The United States accrued a huge debt to fight the American Revolution. The debt equaled 35 to 40 percent of GDP at a time when government spending and taxes were just 2 percent of GDP. Interest consumed about half of the government’s revenues. Numerous states and the government under the Articles of Confederation were negligent in paying interest and principle. The nation faced a real debt crisis.
The Founding Fathers recognized the burden of such a large debt and wanted to pay it off.
No measure can be more desirable, whether viewed with an eye to its intrinsic importance, or to the general sentiment and wish of the Nation” than to establish “a systematic and effectual arrangement for the regular redemption and discharge of the public debt. ~ George Washington
No pecuniary consideration is more urgent than the regular redemption and discharge of the public debt. ~ George Washington
I, however, place economy among the first and most important republican virtues, and public debt as the greatest of the dangers to be feared. ~ Thomas Jefferson
Many of you know that Alexander Hamilton took a different outlook. Hamilton argued:
A national debt, if it is not excessive, will be to us a national blessing.
It is a well known fact, that in countries in which the national debt is properly funded, and an object of established confidence, it answers most of the purposes of money. Transfers of stock or public debt are there equivalent to payments in specie.
Years later, Jefferson scoffed at this very notion:
At the time we were funding our national debt, we heard much about “a public debt being a public blessing;” that the stock representing it was a creation of active capital for the aliment of commerce, manufactures and agriculture. This paradox was well adapted to the minds of believers in dreams…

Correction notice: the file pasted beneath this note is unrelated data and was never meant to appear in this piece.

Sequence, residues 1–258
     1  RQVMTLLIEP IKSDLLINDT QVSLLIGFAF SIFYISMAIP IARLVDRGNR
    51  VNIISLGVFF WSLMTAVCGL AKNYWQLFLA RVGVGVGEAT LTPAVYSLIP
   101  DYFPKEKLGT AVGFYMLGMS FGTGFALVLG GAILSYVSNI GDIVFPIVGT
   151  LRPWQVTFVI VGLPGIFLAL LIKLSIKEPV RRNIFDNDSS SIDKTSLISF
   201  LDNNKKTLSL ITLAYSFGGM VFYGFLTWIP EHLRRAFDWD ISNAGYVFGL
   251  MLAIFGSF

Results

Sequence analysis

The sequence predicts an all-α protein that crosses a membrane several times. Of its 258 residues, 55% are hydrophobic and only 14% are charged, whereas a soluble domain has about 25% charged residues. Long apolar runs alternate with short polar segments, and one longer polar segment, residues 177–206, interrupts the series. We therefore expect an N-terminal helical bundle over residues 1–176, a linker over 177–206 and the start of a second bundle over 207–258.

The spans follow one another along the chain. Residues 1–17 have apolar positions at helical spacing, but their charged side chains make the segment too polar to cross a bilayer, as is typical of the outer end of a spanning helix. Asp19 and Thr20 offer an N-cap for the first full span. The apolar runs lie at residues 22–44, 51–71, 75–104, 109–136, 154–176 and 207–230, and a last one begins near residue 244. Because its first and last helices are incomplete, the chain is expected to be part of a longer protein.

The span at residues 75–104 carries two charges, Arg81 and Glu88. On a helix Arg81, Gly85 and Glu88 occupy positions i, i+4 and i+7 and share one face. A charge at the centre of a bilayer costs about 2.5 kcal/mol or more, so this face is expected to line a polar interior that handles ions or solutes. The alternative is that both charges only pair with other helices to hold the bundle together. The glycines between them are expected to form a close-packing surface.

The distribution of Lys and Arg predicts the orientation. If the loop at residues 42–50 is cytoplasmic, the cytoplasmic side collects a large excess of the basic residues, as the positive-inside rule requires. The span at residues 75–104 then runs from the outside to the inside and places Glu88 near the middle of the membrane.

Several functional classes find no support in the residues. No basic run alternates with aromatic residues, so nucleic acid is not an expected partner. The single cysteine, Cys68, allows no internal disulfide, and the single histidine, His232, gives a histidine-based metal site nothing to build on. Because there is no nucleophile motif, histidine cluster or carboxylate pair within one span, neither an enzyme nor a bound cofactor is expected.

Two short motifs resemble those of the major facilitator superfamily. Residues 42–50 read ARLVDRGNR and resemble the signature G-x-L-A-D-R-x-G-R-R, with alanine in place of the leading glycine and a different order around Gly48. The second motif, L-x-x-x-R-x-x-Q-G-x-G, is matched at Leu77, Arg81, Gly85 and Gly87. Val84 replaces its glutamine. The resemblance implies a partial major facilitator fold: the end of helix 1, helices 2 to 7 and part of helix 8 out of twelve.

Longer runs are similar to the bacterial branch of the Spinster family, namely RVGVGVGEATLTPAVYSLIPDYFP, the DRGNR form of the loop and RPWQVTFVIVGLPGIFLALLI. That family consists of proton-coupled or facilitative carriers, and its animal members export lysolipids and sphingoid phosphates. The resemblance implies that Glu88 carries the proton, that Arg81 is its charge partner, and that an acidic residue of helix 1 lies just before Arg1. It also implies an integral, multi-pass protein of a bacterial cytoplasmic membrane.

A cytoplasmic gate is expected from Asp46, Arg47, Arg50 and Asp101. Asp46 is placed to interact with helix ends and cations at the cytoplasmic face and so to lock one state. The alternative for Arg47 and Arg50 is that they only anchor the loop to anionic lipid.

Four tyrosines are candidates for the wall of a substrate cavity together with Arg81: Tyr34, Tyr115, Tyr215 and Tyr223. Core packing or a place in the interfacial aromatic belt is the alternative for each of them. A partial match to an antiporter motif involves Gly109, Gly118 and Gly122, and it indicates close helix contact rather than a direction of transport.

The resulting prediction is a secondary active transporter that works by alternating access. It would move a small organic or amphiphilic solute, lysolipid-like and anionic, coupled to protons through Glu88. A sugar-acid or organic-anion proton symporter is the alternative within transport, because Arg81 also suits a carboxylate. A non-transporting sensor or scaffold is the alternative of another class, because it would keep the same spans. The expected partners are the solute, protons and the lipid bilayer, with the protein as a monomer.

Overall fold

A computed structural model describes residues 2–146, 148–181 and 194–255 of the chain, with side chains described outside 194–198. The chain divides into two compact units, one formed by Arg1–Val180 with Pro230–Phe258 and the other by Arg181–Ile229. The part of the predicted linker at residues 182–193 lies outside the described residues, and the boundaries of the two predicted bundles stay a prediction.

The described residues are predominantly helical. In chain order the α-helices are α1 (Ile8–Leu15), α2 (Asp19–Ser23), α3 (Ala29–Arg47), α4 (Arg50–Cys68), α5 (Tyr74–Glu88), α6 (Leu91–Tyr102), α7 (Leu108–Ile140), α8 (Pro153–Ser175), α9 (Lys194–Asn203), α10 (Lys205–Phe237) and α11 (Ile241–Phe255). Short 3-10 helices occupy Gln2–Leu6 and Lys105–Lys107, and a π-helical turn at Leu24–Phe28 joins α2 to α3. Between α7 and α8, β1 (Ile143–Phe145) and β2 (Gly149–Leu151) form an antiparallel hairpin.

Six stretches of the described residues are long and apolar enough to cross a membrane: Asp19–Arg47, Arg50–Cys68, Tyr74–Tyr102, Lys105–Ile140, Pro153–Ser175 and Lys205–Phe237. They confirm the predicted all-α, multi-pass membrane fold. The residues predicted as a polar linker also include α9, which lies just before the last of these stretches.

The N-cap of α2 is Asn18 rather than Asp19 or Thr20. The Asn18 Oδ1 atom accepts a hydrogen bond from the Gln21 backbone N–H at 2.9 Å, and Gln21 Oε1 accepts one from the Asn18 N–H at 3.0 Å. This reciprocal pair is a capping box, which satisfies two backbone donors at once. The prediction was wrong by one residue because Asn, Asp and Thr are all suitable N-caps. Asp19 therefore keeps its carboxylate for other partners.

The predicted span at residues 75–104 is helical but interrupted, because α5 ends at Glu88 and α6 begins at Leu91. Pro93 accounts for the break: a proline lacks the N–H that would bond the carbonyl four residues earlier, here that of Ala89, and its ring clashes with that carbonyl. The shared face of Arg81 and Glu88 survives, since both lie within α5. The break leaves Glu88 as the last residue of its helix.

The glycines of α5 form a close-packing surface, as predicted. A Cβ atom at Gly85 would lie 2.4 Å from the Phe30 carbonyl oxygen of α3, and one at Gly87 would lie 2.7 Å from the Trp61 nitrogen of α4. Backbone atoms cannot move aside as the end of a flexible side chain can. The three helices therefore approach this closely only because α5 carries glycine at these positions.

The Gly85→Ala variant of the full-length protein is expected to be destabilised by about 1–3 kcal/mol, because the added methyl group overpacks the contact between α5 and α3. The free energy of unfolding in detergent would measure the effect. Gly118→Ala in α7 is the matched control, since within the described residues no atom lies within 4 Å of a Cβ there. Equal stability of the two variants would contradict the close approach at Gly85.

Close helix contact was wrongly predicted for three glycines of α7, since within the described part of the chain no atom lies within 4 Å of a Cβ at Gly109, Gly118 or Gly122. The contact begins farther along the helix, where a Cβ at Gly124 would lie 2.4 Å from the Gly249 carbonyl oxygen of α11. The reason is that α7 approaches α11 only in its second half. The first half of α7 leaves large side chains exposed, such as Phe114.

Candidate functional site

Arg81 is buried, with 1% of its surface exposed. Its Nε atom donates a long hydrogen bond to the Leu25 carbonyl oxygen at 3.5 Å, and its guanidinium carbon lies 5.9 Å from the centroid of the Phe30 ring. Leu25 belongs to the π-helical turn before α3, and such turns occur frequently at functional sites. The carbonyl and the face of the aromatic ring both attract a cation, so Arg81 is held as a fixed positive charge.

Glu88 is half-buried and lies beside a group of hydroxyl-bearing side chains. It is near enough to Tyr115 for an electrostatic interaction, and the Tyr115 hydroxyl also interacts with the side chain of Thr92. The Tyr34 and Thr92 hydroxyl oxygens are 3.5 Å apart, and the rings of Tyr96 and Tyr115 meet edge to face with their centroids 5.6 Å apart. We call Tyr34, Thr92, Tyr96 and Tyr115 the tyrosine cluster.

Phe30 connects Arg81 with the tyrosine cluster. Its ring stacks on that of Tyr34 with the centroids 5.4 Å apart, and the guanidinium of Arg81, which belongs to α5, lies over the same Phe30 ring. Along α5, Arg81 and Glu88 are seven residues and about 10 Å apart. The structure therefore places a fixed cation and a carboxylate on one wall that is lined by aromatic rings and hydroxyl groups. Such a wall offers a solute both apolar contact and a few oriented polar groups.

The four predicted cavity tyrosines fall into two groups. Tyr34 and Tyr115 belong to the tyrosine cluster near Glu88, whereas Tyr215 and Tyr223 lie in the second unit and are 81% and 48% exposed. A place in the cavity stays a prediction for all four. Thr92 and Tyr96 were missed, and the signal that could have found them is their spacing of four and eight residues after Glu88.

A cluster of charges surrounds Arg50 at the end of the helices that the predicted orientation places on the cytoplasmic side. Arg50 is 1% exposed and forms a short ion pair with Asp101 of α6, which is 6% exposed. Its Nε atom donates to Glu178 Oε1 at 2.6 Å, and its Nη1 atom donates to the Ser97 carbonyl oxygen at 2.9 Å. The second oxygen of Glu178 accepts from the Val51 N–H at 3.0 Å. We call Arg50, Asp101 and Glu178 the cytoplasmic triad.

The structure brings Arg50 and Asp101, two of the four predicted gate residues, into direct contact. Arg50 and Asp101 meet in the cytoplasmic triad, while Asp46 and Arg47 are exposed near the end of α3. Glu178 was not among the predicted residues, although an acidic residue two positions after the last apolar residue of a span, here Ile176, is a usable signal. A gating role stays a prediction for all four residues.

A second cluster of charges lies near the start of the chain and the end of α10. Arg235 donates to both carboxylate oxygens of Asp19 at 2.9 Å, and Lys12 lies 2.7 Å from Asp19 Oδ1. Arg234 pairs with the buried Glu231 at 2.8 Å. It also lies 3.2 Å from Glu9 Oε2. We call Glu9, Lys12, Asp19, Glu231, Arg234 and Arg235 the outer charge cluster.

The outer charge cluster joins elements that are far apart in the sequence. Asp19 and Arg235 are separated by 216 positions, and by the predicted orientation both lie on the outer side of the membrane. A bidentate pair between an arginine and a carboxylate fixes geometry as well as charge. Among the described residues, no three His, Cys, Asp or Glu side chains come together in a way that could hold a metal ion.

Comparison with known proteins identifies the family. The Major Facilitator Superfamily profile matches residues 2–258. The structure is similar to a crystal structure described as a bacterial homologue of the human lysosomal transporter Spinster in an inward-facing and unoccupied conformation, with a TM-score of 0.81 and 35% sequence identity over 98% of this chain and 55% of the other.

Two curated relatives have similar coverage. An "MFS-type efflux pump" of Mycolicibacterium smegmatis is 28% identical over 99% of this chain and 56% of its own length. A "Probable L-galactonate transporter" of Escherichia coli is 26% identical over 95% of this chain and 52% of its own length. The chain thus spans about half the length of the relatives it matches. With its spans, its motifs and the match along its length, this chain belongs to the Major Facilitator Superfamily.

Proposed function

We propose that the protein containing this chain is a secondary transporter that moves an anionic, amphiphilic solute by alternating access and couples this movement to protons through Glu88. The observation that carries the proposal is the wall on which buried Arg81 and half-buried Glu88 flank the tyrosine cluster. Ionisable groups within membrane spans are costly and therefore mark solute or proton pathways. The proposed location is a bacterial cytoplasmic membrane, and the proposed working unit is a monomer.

However, even Hamilton proposed in 1795:
Extinguishing the whole of the present debt of the United States, foreign and domestic, in a period not exceeding thirty years.
So how did the Founding Fathers pay off the debt? Did they raise taxes as some on the left currently suggest? Did they reduce spending as those on the right want?
One thing is certain: the federal government did not raise taxes to pay off the debt. In 1789, the government enacted taxes to fund the operations of government and to pay the interest on the debt. But the taxes were not high enough to pay off any debt. When the federal government assumed the state debts in 1791, a tax on spirits was raised to pay the additional interest, but not to help pay off the debt. As a result, the level of debt remained stable throughout the 1790s. However, the debt as a percentage of gross domestic product fell in half during that decade as the economy grew by leaps and bounces.
When Jefferson and the Republicans took over the reins of government in 1801, they cut spending and started paying off the debt. Half of it was paid off by 1811, but then the debt rose even higher because of the War of 1812. After the war ended, the government started paying off the debt again and did so by the late 1830s.
Taxes were only raised in the initial period of 1789 to 1791 when the federal government was getting set up, and then to fight the War of 1812. But at no time did the federal government raise taxes to pay off its debt. Yet, the Founding Fathers all wanted to pay off the debt, but they did so by promoting economic growth through small government and keeping taxes low.
Today, we have an even greater debt problem. Nominal debt is about 80 percent of GDP and unfunded liabilities are many times greater than the official debt figure. Some are suggesting that we raise taxes to pay off the debt. Nearly all economists argue that higher taxes would reduce economic growth, making debt reduction all the more difficult. We must follow the path of the Founding Fathers. We must ensure that government spending and taxes are as low as possible and enable the economy to grow. That is the only way to restore fiscal soundness to our nation’s government.
Michael E. Newton is the author of the highly acclaimed The Path to Tyranny: A History of Free Society’s Descent into Tyranny. His newest book, Angry Mobs and Founding Fathers: The Fight for Control of the American Revolution, was released by Eleftheria Publishing in July.